Travels With My Aunt (2017), 12:00min

Travels With My Aunt, Gordon Culshaw (UK)

I am interested in how our understanding of history is influenced, not only by how it is portrayed in the cinematic process, but also by the decisions as to which episodes of our national history need to be told. These decisions are based not only on the perceived values of the audience but, perhaps more importantly, on a desire to maintain a particular societal view of our role as a nation.
My great-great-aunt emigrated from Lancashire to Burma, in 1905. On one level this film montage looks at what the life of my aunt and her family might have been like; while on another level it attempts to depict the ‘Trek out of Burma’, and how the plight of these migrants may have compared to the experience of other refugees. Countless workers of the India Tea Association losing their lives helping the British refugees escape Burma in 1942 is a seldom told story.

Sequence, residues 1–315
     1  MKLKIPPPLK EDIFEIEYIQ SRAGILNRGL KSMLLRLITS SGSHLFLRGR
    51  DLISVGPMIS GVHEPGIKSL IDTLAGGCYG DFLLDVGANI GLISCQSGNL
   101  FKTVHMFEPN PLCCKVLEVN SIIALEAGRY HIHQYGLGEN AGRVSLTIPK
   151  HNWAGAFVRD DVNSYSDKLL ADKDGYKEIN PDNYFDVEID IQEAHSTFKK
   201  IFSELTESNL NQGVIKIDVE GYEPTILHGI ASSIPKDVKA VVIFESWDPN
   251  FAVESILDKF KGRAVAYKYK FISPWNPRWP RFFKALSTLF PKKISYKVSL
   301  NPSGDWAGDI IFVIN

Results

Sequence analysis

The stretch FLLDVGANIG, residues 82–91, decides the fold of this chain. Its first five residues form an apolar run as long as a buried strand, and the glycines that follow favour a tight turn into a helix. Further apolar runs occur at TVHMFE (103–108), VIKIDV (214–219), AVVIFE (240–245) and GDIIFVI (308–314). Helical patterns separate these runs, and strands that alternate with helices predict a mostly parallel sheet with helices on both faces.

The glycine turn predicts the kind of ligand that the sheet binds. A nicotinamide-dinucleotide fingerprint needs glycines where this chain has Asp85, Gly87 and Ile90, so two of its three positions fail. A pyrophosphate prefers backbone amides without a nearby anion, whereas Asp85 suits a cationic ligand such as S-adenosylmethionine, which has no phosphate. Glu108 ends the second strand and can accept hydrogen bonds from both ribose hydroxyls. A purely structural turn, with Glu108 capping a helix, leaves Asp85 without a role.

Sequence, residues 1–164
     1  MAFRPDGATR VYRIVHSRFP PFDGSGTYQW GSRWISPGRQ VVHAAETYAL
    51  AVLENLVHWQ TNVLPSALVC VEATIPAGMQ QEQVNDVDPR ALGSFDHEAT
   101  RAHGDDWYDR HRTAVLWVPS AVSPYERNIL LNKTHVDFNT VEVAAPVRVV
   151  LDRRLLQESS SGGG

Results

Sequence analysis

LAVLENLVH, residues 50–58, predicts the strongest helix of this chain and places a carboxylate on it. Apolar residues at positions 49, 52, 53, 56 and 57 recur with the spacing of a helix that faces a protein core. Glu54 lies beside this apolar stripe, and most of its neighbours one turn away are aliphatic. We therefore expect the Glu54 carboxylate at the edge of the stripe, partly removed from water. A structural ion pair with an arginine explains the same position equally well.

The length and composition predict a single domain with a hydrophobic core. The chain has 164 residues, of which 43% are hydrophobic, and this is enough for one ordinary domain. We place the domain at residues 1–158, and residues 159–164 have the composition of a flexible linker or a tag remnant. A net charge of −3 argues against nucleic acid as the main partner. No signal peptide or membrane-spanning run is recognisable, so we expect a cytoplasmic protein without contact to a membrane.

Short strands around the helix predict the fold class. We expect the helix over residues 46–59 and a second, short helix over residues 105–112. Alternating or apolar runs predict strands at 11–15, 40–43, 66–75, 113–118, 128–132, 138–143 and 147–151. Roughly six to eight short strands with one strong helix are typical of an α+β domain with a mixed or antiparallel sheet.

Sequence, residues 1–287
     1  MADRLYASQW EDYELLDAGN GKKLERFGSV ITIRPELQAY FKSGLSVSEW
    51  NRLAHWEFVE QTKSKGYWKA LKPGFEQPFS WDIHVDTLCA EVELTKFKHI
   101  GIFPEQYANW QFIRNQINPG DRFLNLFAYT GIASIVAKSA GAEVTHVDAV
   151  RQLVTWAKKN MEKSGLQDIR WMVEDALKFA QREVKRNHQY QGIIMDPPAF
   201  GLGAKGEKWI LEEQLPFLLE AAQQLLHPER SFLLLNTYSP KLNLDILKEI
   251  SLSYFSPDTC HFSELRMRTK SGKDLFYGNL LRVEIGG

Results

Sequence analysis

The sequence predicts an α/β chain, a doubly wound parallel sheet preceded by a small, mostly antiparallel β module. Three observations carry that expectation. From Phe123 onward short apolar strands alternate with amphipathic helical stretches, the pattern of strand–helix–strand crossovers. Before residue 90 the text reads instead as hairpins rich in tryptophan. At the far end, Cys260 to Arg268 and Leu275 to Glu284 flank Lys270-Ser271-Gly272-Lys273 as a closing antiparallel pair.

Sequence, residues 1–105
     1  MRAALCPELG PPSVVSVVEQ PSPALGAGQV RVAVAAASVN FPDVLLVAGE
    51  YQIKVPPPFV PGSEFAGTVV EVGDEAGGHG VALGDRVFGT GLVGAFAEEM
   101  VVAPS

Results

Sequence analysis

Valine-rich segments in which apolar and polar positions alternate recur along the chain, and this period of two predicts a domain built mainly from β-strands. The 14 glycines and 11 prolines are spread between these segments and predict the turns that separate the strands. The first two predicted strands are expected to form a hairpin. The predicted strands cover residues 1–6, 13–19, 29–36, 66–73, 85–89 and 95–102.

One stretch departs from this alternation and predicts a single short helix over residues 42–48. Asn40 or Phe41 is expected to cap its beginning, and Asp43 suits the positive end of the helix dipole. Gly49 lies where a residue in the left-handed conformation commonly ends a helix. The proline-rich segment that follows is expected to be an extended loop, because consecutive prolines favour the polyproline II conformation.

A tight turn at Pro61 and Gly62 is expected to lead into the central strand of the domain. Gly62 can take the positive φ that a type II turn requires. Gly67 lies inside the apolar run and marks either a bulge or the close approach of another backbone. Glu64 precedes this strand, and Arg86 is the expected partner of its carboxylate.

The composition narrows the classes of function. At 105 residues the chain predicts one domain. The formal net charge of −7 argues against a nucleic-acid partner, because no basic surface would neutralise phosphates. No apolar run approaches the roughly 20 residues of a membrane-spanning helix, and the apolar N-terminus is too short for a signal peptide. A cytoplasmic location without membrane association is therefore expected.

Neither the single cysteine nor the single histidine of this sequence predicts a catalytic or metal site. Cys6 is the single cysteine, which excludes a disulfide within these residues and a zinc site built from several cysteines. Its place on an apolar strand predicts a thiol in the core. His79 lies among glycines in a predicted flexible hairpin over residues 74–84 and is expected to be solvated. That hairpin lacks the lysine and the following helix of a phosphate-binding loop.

A scene from ‘Grapes of Wrath’, aims to express the universality and inevitability of the unforeseen necessity for people to move across borders; and the fact that we will all at some point have to rely on the humanity of others.

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